“Still, use some restraint,” Tom bellowed to Martin. “Your father would never have written such a thing.”
If the mayor wanted to match fighting words, he hit his mark. Martin felt the wound clear to his soul. His father had commanded respect from the entire community of Santa Helena. Everyone met with his father at The Banner, on his turf, including Ronald Reagan when he courted his father’s endorsement for governor. His father never had a poor Christmas season, nor did he ever lose subscription sales. Theodore Taylor fought off the Los Angeles Daily Times twice in attempted takeovers. And now Martin was practically handing them the company.
Looking at Lizzy in her defeated state, he knew what he had to do.
“Tomorrow then,” the mayor said as he moved to leave.
“Tom,” Lizzy said, touching the mayor’s arm. “My car broke down in a tow-away zone. It’s in the pound.”
Tom glanced over at Martin. “Then get it out, Lizzy.”
Lizzy pulled on the mayor’s sleeve, tugging him away. “It’s two hundred dollars,” she whispered. “I thought you could call Darryl and use your influence to...”
Martin watched as the mayor feigned innocence, no doubt on his behalf, as he listened to Lizzy’s tale. “I don’t pull strings.” Tom glanced in Martin’s direction. “You know that, Lizzy. You’re on your own.”
Holly placed the opened umbrella over the Mayor’s head and sent Lizzy a sympathetic look as they headed for the parking lot. When Lizzy turned back toward Martin, knowing he was the cause of the mayor’s refusal to help, the tears had disappeared, replaced by an anger he knew all too well. But Martin had a plan.
“I have a friend at the pound,” he said. “He owes me a favor.”
Swallowing hard, no doubt to combat more tears, Lizzy shuffled past him to the table to retrieve her briefcase. “You’ve done enough for two days, Martin. Do me a favor and leave me alone.”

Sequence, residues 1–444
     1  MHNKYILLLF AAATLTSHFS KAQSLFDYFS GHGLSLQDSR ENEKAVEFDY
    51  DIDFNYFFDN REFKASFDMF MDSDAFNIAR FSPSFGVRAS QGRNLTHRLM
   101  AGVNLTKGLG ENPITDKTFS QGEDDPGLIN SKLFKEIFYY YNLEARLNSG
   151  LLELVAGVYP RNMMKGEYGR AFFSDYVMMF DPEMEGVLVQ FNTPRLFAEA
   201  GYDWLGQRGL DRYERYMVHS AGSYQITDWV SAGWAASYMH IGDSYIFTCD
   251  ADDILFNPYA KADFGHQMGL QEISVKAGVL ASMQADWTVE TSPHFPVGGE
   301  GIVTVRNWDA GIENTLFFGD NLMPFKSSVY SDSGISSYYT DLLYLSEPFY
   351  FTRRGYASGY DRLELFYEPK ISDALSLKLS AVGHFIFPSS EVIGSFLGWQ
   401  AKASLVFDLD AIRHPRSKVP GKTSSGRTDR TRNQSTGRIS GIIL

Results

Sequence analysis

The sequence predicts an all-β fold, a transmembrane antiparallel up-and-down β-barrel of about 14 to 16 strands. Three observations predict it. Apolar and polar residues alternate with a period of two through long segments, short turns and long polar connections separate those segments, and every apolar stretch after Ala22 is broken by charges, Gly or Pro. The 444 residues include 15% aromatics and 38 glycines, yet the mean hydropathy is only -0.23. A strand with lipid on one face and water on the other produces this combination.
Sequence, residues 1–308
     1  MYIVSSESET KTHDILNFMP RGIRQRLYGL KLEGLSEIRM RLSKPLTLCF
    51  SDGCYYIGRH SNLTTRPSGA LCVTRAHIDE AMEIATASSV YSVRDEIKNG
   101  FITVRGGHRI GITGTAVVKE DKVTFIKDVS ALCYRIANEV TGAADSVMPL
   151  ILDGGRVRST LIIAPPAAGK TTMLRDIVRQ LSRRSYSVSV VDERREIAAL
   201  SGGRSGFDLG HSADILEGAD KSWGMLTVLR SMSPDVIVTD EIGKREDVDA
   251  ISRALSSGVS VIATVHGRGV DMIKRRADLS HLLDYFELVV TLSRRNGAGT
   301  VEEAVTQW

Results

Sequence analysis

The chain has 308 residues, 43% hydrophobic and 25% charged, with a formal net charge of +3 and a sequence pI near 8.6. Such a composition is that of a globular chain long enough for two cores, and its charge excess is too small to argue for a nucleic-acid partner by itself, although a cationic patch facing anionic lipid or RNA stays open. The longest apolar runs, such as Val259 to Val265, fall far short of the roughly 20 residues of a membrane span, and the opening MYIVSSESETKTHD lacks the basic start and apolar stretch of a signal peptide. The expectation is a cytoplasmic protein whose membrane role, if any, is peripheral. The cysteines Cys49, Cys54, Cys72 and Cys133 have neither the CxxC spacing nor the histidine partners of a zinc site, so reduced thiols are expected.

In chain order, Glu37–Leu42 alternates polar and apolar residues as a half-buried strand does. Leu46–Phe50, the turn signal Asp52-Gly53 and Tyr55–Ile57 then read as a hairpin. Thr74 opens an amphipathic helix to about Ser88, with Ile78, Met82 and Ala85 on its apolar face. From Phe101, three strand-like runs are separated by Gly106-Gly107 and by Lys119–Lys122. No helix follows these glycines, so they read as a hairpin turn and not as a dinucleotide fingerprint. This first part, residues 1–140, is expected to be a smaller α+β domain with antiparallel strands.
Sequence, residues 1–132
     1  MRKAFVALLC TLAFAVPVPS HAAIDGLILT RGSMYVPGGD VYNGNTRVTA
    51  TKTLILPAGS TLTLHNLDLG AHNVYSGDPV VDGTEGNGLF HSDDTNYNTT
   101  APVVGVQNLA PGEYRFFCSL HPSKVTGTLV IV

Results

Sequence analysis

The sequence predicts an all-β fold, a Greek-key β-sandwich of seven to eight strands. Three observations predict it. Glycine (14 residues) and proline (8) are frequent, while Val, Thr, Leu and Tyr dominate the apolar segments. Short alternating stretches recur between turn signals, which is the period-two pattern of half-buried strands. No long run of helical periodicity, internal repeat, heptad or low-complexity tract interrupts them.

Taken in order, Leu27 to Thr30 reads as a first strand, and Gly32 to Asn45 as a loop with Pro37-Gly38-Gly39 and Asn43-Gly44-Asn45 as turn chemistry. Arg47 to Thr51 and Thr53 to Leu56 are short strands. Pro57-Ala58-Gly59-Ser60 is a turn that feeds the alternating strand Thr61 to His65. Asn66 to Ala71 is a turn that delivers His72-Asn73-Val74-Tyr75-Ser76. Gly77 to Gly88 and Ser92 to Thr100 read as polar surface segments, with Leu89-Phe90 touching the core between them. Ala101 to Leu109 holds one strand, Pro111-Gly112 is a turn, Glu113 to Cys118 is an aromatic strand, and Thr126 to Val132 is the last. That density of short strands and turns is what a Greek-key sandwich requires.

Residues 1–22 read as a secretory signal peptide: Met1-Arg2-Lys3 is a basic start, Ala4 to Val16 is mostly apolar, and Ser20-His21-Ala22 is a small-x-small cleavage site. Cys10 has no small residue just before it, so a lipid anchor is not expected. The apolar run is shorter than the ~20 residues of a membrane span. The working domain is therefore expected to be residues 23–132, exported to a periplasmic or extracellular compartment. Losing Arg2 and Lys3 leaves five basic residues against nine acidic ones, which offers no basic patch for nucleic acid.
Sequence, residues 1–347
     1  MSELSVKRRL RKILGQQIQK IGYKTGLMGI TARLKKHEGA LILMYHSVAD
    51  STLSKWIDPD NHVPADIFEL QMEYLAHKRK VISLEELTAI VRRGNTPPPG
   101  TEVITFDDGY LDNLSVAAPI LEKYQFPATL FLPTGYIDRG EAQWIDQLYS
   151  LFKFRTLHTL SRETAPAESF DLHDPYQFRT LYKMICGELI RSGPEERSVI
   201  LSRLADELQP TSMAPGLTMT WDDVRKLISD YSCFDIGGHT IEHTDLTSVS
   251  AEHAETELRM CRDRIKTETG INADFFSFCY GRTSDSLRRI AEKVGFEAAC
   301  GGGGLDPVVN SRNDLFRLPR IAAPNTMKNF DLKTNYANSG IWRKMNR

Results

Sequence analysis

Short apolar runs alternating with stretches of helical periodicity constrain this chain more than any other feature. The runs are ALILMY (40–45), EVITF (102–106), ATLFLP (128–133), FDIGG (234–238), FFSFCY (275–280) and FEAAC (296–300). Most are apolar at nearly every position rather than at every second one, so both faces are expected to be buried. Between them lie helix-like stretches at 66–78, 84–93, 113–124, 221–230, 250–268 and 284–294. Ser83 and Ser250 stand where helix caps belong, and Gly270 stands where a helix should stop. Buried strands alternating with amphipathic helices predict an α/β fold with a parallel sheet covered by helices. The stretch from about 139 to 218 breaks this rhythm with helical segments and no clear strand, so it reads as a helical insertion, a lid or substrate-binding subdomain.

Martin leaned against the desk, one hip against the side of her briefcase interrupting her actions. “Now why would I do that, Lizzy, when I have a warm, dry car and your ride just left?”
He expected his seductive words to warm her heart, but instead Lizzy bolted out the door, scanning the parking lot for the mayor’s car. As she glanced around the half-deserted lot of the Board of Education, rain spotted her face. Whether it was raindrops or tears streaking her cheeks, the sight caused Martin’s heart to constrict.
“Damn,” he muttered to himself. He hated losing control.
Martin opened the door, feeling the rush of cold air greet him, snaked an arm about her waist and pulled her back inside the lobby.
“Get your hands off me,” she protested, although again the fire had left her eyes.
“I have a car,” he said firmly, like a big brother. “I’ll take you home. It’s too late to call the pound but I can pick you up in the morning and get your car.”
“I don’t want anything from you.” She pulled free from his embrace.
“Then allow me, at least, to help you as a form of apology.”